Saturday, April 9, 2011

Review: Brave Story

Time for a change of pace. Normally, I use this blog as a place to discuss Contemporary Japanese comics and animation. But today I will discuss something totally different. A Contemporary Japanese... BOOK! With words! Perhaps that is not all that different in reality, but in any case, let's begin breaking down Brave Story, an epic 814-page YA novel by Miyuki Miyabe.

The book centers on 5th Grader Wataru Mitani, whose parents are getting a divorce. Upset by this, Wataru wishes to change his fate, and (already 200 pages in) discovers Vision, a land "created by the imaginations of people in the real world", where he becomes a Traveler to reach the appropriately named Tower of Destiny to meet the Wonderful Wizard, er, I mean, Goddess, who will grant him one wish. Along the way, he makes new friends, such as the strong willed lizard man Kee Keema, as well as enemies, such as Mitsuru, who had been friends with our heroguy back in the real world before going to Vision. As Wataru's journey becomes more dire, he is forced to question his own beliefs, and learn to be brave. Will he reach the Tower of destiny? And if he does, what will he ask of the Goddess?

If you (like me) purchase the book because of the unique-looking cover art, just so you know, you have been duped! As you can tell from the above description, Brave Story is not titled Original Story for a reason, with obvious influences from all corners of contemporary culture, particularly ones that the YA demographic apparently like. However, lack of originality regardless, the book is very well written. Miyabe's previous novels are not YA fiction, but mostly crime and mystery novels, including the novel that served as the rough basis for Satoshi Kon's dark thriller Perfect Blue. Possibly because of this fact, the scenes in the real world are crisply realized, giving Wataru's story much more emotional resonance. In fact, a fresh take on an oft-told story is not at all unwelcome! It's a fun read for an audience that doesn't necessarily always want originality, with good emotional resonance for those who do.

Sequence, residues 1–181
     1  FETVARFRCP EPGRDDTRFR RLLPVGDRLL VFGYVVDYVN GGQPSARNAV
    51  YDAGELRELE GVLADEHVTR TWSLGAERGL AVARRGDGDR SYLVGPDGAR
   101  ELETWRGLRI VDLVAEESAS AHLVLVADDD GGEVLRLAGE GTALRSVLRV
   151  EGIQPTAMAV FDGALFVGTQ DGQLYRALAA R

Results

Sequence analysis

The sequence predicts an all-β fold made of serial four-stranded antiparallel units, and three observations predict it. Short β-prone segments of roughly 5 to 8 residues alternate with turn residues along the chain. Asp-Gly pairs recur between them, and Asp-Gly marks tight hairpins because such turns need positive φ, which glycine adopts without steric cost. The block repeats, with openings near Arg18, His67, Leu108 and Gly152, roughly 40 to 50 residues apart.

However, there is one problem with the book which, unlike the whole originality thing, cannot be overlooked. You see, this book is too darn long. And when I say long, I don't refer to the page length, which at 814 pages, makes the book a genuine brick(apparently it was originally published in Japan as two volumes). By long, I mean the book MEANDERS. One could easily cut at least 100 pages from the book taking out unnecessary or even redundant descriptions and details, such as a scene early in the book, in which two whole pages are dedicated to a history of Wataru's allowance(?), and several completely pointless wrinkles to the plot, such as Vision appearing different for everyone, despite that never mattering. While I am sympathetic to the fact that the book, like everything else Kadokawa Shoten publishes, was first serialized, that is no excuse for all this excess content.

And yet, despite these flaws, Brave Story is a spectacularly involving read. I finished all 814 of those pages in just two weeks, due to the fact that I was glued to the pages at all times. It made walking around a little awkward. I would suggest it to just about anyone I know, provided they had the patience. Also, it has a moral! I like stories with morals...

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